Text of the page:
Living in the Uneasy Tension of Paradox (Mark Nepo Quote reblogged from Make Believe Boutique)

To bring back trust to life requires the deepest sort of listening. I’m still learning how to listen in this way. Even after sixty years, it feels elusive, as the most important teachers whisper behind the wind to ensure that we give ourselves totally to discovering their secrets. Two such teachers are ‘not-knowing’ and ‘paradox.’ Essentially, I have learned that true knowledge that can help us live waits on the other side of our ability to hold two things at once that are both true. One aspect of true knowledge that came to me through my experience with cancer is the paradox that we need to die in order to live. I am still trying to understand the daily meaning of this. It seems our capacity to withstand the tension of opposites is key to entering paradox, and key to that is becoming comfortable with the space of not-knowing. Understandably, most of us are uncomfortable when things are undefined, when things are not clearly to or for, up or down, left or right, or right or wrong. But the deeper truths always take time to reach us, and it is our job to enter a practice of waiting openly- which involves enduring the tensions of not-knowing. The truths that matter require us not to form opinions or beliefs hastily. On the contrary, we are asked to allow time to surround us with the Wholeness of life, to take the time required for the paradox of truth to show itself. It seems that the practice of not-knowing begins with a trust in the unnameable space that holds us, in the mysterious atmosphere in which we all live. That seems to be the true space of listening and learning, where our brief experiences of life in its totality, whether harsh or calm, will not fit into our tidy little maps of perception. Yet where are we educated in this? Where are we taught to withstand the surf and undertow of ambiguity and confusion long enough till we can drift in the majestic swell that sages and poets of all traditions have called the unity of life?      Mark Nepo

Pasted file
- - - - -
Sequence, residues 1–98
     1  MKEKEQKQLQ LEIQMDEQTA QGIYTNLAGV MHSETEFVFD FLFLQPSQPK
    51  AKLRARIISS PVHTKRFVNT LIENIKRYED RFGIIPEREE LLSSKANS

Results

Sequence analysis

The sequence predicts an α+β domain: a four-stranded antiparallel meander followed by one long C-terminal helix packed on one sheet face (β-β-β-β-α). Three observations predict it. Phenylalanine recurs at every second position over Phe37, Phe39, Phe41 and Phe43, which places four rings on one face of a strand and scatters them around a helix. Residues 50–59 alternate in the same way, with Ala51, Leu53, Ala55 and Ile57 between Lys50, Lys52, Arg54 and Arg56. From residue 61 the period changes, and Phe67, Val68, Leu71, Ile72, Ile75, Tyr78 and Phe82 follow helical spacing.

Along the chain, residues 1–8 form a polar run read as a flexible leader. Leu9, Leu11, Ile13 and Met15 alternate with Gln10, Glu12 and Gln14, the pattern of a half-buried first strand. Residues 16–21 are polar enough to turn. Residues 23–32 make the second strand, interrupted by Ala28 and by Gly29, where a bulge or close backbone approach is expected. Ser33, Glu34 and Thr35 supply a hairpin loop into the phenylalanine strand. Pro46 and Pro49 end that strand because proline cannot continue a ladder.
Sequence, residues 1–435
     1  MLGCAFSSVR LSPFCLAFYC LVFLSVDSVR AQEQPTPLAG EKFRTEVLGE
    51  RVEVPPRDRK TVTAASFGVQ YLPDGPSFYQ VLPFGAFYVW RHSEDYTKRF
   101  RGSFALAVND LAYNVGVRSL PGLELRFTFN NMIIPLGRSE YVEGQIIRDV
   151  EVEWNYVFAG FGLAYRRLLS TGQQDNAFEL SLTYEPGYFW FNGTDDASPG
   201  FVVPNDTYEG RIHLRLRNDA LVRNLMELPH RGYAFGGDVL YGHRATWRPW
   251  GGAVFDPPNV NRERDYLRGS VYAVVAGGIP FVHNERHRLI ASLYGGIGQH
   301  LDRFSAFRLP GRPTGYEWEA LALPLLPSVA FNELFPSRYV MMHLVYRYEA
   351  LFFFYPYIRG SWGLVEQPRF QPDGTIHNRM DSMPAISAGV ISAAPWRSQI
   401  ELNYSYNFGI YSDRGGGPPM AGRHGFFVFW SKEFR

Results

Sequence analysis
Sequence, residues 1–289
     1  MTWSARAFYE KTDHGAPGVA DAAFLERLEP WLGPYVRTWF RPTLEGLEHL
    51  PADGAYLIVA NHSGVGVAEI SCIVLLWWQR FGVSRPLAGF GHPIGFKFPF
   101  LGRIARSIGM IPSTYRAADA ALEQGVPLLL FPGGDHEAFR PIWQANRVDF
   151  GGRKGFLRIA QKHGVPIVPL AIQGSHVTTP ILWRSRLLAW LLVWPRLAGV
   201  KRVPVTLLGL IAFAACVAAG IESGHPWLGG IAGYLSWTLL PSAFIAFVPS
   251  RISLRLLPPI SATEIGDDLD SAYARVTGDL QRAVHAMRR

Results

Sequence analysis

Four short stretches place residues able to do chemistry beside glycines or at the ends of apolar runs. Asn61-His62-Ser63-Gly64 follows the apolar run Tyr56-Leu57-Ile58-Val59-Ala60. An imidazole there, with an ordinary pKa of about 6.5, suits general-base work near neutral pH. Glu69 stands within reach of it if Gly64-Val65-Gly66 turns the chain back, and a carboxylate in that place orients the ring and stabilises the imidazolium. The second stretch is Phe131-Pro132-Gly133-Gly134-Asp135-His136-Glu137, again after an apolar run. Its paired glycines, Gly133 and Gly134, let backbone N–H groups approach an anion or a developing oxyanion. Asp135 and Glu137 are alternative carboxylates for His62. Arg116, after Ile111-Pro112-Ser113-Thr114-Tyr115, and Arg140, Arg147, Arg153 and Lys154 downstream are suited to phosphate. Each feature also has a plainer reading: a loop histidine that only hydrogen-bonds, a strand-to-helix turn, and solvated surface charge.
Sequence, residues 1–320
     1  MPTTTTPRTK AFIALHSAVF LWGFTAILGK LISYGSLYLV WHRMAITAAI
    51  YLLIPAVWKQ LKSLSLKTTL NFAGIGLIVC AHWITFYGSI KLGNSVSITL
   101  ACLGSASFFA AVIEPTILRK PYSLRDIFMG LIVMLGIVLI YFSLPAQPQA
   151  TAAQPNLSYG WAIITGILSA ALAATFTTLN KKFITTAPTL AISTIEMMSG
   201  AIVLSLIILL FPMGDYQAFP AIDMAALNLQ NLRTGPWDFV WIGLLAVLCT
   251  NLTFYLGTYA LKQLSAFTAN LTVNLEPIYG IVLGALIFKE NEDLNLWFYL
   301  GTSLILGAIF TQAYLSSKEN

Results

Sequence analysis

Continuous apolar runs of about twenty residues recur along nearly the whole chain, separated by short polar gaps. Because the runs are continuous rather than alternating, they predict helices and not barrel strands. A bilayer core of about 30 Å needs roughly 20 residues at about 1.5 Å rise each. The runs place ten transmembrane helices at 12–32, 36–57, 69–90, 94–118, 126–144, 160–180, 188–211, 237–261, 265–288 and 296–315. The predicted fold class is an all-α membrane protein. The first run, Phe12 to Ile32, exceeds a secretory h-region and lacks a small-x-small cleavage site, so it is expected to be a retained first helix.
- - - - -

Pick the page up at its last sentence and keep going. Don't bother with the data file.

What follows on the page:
About Eileen

Mother of five, grandmother of nine, great-grandmother of five. 1955 -1959 Rice University in Houston, TX. Taught primary grades; Was Associate Post Director of Religious Education at Ft. Campbell, KY; Consultant on the Myers/Briggs Type Indicator, Was married for 60 years to an Architect in Middle Tennessee.

Posted on February 24, 2013, in B4Peace, Gifts of Age, Spiritual, Teaching/Learning Experiences and tagged , , , , , , , . Bookmark the permalink. 1 Comment.

  1. Love this, Eileen. Living in paradox and un-knowing requires a lot of patience and faith. Maybe that is why we are asked to confront this situation–to build patience and faith. {{{hugs}}} Kozo


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